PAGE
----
What made the earlier mark stand out: Whether or not the earlier mark is good or bad. A strong trademark is a well-known symbol that gets more protection than a normal trademark or one that isn't very distinctive. The stronger the older brand, the greater the likelihood of confusion.

A similarity search looks at these basic things and keeps you from running into older brands that are similar. This can save you time and money.


Identity search is crucial

Before you apply for a trademark, you can do an identity search to see if there might be a conflict with an older trademark.


The identity search tells you if the trademark you want to use is the same as one that was used before and is for the same goods or services as the earlier trademark.


Wordmarks that have the same order of characters are considered to be the same. But one doesn't just compare the words of older brands that are the same; one also compares their Nice classes.


Search for Similarity

Make sure that your trademark is not too similar to one that has already been registered. If there is a chance that a new trademark will be confused with or just linked to an older trademark, the new trademark can be taken out of the trademark protection system.


The owner of the older trademark can ask for the younger trademark to be taken away during the opposition period, or they can challenge it later. Assessing the likelihood of confusion is hard because there are so many things to think about.


In general, the following things must be looked at:

  • How goods and services are alike

  • Signs that look alike

  • Differences between the first and second trademarks: Whether or not the earlier mark is good or bad. A strong trademark is a sign that is very well-known and gets more protection than a normal or weak trademark. The chance of confusion goes up as the strength of the older brand goes up.

A similarity search looks at these basic things and keeps you from running into older brands that are similar. This can save you time and money.


How well a brand can be protected

In a trademark application procedure for putting a mark in the trademark register, the office in charge checks to see if the formal and material requirements set by the law are met.


Formal requirements have to do with meeting the requirements for getting a filing date, making sure the applicant is qualified to be the owner, paying fees on time, and meeting other registration requirements (e.g. form and content of the application, trademark form, representation, etc.).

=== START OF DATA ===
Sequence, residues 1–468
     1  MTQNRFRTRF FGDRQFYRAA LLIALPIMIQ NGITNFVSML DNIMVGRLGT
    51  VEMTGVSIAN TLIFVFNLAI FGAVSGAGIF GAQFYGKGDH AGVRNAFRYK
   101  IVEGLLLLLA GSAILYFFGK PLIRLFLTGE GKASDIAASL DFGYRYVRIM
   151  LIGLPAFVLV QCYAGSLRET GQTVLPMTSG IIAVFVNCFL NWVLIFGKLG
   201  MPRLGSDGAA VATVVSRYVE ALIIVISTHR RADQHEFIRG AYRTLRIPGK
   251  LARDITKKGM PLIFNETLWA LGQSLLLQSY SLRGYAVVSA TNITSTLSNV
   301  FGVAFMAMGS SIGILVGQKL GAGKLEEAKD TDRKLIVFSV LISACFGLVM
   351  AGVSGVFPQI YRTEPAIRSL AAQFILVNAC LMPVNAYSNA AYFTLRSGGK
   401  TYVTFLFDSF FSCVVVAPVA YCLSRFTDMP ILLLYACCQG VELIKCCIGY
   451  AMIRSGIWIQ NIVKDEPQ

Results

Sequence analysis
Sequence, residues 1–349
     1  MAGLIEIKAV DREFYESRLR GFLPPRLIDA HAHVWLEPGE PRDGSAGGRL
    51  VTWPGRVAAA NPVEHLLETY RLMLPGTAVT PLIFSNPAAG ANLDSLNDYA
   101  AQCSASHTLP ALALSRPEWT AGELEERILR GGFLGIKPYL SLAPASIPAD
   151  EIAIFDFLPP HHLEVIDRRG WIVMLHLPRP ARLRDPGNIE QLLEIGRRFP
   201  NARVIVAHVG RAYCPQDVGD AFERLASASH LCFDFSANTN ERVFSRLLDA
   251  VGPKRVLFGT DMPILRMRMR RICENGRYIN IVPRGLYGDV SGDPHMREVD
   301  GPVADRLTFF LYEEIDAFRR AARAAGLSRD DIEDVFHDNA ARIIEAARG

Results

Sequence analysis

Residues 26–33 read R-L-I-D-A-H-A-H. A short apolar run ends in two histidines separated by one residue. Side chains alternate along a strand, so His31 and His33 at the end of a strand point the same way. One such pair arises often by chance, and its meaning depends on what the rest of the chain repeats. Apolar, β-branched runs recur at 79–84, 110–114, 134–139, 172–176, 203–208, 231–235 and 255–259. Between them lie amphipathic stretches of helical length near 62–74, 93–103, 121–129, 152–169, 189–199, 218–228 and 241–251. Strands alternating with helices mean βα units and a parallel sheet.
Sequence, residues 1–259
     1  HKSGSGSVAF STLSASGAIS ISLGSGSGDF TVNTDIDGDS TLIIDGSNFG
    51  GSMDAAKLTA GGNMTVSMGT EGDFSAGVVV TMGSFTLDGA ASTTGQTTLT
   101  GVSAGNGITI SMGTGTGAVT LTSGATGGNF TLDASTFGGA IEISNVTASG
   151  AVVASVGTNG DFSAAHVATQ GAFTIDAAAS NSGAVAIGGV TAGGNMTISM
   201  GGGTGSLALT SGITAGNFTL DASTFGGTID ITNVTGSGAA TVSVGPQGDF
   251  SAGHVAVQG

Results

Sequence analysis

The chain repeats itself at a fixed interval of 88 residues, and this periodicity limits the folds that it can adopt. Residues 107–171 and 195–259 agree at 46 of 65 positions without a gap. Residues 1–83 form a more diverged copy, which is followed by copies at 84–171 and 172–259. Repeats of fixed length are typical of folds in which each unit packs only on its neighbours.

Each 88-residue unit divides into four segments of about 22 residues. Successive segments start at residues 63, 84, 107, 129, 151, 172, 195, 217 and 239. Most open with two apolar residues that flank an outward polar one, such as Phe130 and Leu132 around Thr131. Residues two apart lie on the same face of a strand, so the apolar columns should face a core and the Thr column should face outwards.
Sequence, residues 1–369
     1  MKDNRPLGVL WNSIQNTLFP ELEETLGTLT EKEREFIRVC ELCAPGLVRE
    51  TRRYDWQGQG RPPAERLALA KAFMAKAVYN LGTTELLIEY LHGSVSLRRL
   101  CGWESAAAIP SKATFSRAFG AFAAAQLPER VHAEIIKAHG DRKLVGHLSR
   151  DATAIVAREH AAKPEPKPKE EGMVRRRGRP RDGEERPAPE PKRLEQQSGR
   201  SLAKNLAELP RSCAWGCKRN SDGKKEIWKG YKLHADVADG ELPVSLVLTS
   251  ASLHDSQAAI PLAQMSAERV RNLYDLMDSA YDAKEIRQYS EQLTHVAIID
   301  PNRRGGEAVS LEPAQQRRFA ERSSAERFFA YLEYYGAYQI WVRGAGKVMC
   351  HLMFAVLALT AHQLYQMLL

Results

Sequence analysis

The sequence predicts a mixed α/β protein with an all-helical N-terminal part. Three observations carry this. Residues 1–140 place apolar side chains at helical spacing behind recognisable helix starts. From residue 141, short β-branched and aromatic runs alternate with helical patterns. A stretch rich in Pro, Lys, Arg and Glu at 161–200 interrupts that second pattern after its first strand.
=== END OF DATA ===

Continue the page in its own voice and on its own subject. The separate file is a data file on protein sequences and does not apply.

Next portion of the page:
When it comes to the material requirements, you check to see if the sign is big enough and if there are any absolute reasons to say no.


The brand capability check looks at whether a brand is good for telling the difference between the goods or services of one company and those of another.


The EUIPO also checks automatically to see if there are absolute reasons to say no:

  • if a sign belongs to the public or not

  • Whether a product's shape defines what it is or if a product's shape or packaging shape is technically necessary.

  • Whether or not the sign is wrong;

  • if a sign goes against public order, good morals, or the law

  • If one of these things is true, the mark might not be protected by a trademark.


Look for an identical company name

The businessman's name is the name of the company. He does business and signs his name under that name. The company is in the commercial register and has some protection for its name in the region.


When you register a trademark, you protect the company name in every way. The law on trademarks can protect its goods and services.


As part of the company search, it is checked to see if the name you want for your business has already been taken by someone else.


Who does a search for a trademark?

You can do a trademark search on your own or hire a professional to do it for you. People often think that the Trademark Office is looking for older trademarks of the same type.


The EUIPO doesn't check it, though. They only look for absolute reasons to say no.


Should I search for a trademark myself or hire someone to do it?

You can do a trademark search on your own, of course. But trademark search can sometimes be hard to do because of the law. Due to years of experience and in-depth knowledge of trademarks, a professional trademark search can offer a wide range of services and precise evaluations of the search results.


EuTrademark.eu gives you a full report of your search. We specialize in trademark law and the protection of intellectual property with trademarks.


We help you choose the search and the classes of goods and services to look for. We also help you find older trademarks that are similar and figure out if there are any absolute reasons for refusal. You will get a full report on your search that gives you an overview of the results and more information about the brands that have problems.